In the context of SARS-CoV-2 and COVID-19, this refers to a case of COVID-19 disease that presents with typical and/or atypical symptoms. Common symptoms include, but are not limited to, fever, loss of taste and/or smell, dry cough, chest tightness, fatigue, runny nose. COVID-19 may also exhibit gastrointestinal symptoms.
The systematic collection and analysis of health indicators, assisted by automated data acquisition and generation of statistical alerts, in real-time to detect disease outbreaks earlier than would be possible with traditional public health methods.
A review that summarizes the evidence on a clearly formulated review question according to a predefined protocol, using systematic and explicit methods to identify, select and appraise relevant studies, and to extract, analyze, collate and report their findings. It may or may not use statistical techniques, such as meta-analysis.*
A type of white blood cell developed in the lymphoid organ of the immune system. These cells are involved in cell-mediated immunity and play a major role when a foreign agent attacks the body. This is synonymous with T lymphocyte.
Threshold analysis quantifies how much a parameter could change before conclusions change or the direction of an effect changes.
A curve used to describe the length of time until the occurrence of defined clinical events in a group of people. The occurrence of events are typically indicated by steps in the curve.
A statistical analysis involving only one dependent and one independent variable.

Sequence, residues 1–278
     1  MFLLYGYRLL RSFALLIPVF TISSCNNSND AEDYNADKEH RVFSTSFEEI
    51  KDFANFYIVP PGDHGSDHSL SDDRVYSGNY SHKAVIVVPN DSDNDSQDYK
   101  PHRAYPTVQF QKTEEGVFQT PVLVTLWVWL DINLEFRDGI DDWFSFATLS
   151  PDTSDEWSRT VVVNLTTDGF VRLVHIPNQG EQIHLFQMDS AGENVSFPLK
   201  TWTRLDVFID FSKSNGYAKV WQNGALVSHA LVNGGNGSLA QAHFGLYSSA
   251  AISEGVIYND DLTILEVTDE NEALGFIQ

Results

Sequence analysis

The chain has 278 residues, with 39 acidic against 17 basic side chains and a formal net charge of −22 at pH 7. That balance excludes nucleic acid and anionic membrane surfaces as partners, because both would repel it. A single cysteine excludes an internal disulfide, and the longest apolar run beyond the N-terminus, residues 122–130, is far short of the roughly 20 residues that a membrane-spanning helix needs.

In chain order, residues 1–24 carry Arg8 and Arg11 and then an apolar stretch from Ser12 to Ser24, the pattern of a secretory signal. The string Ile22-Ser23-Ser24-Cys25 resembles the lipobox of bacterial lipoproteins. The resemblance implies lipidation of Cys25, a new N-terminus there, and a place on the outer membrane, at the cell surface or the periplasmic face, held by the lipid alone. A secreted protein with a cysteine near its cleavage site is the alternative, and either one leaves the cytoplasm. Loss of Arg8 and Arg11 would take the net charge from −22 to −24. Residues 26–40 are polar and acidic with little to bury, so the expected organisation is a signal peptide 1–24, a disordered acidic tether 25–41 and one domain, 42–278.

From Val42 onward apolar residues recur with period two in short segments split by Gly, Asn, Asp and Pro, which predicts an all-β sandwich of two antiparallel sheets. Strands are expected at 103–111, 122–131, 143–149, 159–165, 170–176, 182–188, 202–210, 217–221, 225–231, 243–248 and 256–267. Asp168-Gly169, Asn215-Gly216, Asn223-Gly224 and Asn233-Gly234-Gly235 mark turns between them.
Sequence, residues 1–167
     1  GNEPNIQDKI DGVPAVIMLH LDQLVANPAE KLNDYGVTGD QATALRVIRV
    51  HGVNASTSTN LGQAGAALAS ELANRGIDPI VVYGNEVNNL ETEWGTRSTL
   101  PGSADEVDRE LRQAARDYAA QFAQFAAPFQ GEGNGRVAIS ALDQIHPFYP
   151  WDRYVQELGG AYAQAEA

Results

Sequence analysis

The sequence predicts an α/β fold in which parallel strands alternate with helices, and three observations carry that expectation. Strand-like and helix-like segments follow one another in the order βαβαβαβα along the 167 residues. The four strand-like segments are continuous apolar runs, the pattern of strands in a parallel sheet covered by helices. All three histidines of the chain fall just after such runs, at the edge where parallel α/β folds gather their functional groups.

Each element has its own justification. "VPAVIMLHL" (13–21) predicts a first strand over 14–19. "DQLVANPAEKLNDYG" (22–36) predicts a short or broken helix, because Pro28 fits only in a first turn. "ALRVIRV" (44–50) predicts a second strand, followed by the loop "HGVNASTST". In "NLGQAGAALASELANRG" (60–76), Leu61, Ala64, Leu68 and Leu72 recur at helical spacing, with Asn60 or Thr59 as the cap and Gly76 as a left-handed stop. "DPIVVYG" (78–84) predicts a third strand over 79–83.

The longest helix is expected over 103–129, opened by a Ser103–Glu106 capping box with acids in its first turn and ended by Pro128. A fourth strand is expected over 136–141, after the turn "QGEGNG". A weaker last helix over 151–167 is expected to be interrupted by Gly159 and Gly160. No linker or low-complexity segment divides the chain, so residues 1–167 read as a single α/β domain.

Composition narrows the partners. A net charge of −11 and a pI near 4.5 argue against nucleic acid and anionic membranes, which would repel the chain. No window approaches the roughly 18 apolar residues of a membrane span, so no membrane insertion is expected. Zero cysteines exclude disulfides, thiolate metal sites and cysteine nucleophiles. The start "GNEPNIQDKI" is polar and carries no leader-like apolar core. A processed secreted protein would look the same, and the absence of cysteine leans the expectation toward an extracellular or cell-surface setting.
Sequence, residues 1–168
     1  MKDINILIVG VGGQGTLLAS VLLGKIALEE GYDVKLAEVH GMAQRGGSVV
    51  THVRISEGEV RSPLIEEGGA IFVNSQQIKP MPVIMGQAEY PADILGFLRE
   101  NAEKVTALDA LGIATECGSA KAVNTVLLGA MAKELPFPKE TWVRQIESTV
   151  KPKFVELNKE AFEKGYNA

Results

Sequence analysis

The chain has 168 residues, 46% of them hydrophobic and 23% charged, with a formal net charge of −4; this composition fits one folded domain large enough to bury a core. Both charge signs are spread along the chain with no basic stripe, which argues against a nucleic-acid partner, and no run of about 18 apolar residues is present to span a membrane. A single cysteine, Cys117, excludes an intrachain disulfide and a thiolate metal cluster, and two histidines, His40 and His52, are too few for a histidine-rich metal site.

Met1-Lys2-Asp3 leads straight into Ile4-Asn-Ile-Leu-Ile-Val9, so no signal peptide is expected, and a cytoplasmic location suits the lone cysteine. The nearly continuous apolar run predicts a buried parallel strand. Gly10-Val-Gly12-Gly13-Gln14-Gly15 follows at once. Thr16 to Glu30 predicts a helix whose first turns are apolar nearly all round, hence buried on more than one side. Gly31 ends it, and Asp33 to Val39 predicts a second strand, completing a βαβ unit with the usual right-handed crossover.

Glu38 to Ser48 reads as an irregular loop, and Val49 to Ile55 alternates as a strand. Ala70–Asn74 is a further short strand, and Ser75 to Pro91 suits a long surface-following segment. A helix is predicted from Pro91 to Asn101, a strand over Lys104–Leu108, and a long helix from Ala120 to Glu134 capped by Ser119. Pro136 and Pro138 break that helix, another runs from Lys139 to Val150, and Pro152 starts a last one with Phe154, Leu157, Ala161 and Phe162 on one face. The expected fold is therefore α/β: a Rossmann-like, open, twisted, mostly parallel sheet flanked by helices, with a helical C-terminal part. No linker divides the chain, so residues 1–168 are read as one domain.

A suspension containing live, attenuated, modified, or killed pathogens, genetic material (such as RNA), or proteins that encodes for part of a pathogen. When the vaccine is administered into the body stimulates the body’s immune system to produce antigen-specific antibodies.**
The percentage reduction of disease in a vaccinated group of people compared to an unvaccinated group, using the most favorable conditions. It is expressed as a percentage and calculated as (1-relative risk) x 100.
The number of viral particles in a clinical specimen (for example, saliva, blood plasma).
The act of spreading a virus through respiratory or other body fluids.
An evolved form of a virus that underwent a mutation or a number of mutations that changed part of the original virus’ genetic code. This evolution may impact the virus’ transmissibility, morbidity, or mortality.
The examination of sewage water to detect and monitor pollutants (for example, mercury) and biomarkers, to obtain data on the activities and health of the community living within the catchment area. Wastewater testing has been previously used to detect drug use (for example, opioid use), as well as the presence of viruses (for example, poliovirus) within a community, and can be used to detect components of SARS-CoV-2.
Wastewater treatment plant
A facility that uses physical, chemical, and biological processes to remove pollutants from sewage water.
An average of data points calculated after weighting each data point by its statistical precision or another measure of importance of the data point.
*The definitions for these terms were adapted from the National Institute for Health Care and Excellence (NICE) glossary.
**The definitions for these terms were adapted from the Biology Online dictionary.